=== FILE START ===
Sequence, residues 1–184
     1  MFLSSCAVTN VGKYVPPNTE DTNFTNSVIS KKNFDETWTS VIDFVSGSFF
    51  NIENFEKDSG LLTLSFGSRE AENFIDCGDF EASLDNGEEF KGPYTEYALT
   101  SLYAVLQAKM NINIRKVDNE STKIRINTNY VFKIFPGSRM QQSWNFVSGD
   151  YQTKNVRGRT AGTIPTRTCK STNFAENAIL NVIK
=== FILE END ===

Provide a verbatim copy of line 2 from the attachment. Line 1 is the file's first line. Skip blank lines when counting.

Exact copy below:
     1  MFLSSCAVTN VGKYVPPNTE DTNFTNSVIS KKNFDETWTS VIDFVSGSFF